[57-62 after the JUMP]
#10 Big 12
2-10 (1-8) in 2016
In 2007 – what had to be the most bizarre college football season of all time – Kansas won 12 games and the Orange Bowl, staying in the race for a BCS title game appearance until the bitter end. Mark Mangino was fired two seasons later amid allegations of player mistreatment, and the Jayhawks have been dreadful ever since. In the seven seasons under Turner Gill, Charlie Weis (and interim coach Clint Bowen), and David Beaty, KU has gone a combined 14-70, an unfathomably bad record for a power conference program. They’ve only won four Big 12 games in that span.
Weis was an enormous failure in many ways, but his recruiting style – pursuing JUCOs at any and every available opportunity – left the foundations of the program completely decimated. David Beaty went 0-12 in 2015, his first season after stepping into that mess and received a contract extension after last season… after going 2-10. A hilarious late-season upset of Texas at home may have played a small role in that, but it’s likelier that KU simply realized the magnitude of the overhaul the program desperately needs and was willing to invest in Beaty to do the job instead of cycling through coaches every few years.
They’ll be bad again, but there could be tangible signs of improvement. New offensive coordinator Doug Meacham arrives from TCU; his Air Raid offenses at his previous job were some of the best in the country in 2014 and 2015. On defense, the Jayhawks have DE Dorrance Armstrong – one of the better pass rushers in the Big 12 – as well as DT Daniel Wise and S Mike Lee; there are big holes on that side of the ball, of course, but some playmakers as well. While Beaty may be slowly moving everything in the right direction, there will be at least one more year at or near the Big 12 cellar.
#6 B1G West, #12 B1G
3-9 (2-7) in 2016
It was always going to be difficult to dig out of the wreckage of the Tim Beckman era; Bill Cubit was promoted from offensive coordinator and given one (5-7) season before a new athletic director fired him and made a splash by hiring longtime NFL head coach Lovie Smith, who hadn’t coached at the college level in decades. The Big Ten West is perhaps the weakest division in the Power Five, so plenty of people thought that Smith could gain some traction and drag Illinois from the division cellar.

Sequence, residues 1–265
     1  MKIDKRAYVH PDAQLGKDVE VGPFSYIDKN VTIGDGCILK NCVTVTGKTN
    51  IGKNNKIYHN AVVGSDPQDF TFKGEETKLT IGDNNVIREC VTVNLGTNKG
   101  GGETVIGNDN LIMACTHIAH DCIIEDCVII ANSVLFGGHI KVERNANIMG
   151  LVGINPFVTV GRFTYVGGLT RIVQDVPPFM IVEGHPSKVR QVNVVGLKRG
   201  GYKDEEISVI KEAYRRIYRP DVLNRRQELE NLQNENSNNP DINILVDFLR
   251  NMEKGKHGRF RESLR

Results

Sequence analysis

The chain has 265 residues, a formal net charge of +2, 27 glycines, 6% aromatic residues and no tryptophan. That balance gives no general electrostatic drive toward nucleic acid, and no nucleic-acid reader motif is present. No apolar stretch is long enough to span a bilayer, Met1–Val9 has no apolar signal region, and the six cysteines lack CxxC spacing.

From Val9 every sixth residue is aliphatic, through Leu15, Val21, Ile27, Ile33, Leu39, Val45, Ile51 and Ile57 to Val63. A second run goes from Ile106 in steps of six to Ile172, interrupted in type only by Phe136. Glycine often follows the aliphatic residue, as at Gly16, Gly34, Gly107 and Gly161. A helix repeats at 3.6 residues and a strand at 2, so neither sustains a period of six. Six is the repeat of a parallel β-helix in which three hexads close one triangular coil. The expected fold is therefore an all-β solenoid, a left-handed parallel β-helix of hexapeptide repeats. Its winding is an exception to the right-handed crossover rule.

Early returns haven’t been great. His recruiting has been underwhelming – even for Illinois’s standards – and while the program is still recovering from Beckman’s disastrous tenure, a 3-9 campaign in his first season in Champaign didn’t offer much hope for the Illini. They did take care of Rutgers and sprung an upset over a Michigan State team that was in freefall mode by that point.
Illinois did have some big play potential on the offensive side of the ball and return their primary skill position playmakers from a season ago. JUCO transfer Dwayne Lawson enters the picture at quarterback and he – or whoever else wins the job – will be frequently targeting Malik Turner, who had 712 yards and 6 touchdowns last season; if Mike Dudek can stay healthy (he hasn’t played for two straight seasons), the Illini will have a terrific WR duo. They had a quality defensive line last season; almost all of the players from that position group are gone. Even though five of the back seven starters return, they’ll have to improve quite a bit to mitigate losses on the line.
Smith signed a six-year contract, so he’ll have time to try to build the program, even if Illinois is battling with Purdue at the bottom of the division again this season.
#7 ACC Atlantic, #14 ACC
7-6 (2-6) in 2016
The last two successful coaches at Boston College – Tom O’Brien and Jeff Jagodzinski – ended their careers in Chestnut Hill in strange fashion: O’Brien made the lateral move to NC State, and Jagodzinski was fired after going 20-8 and interviewing for an NFL head coaching job. Frank Spaziani lasted four mediocre seasons before getting fired; Steve Addazio is entering his fifth season with a 24-27 record (but three bowl appearances).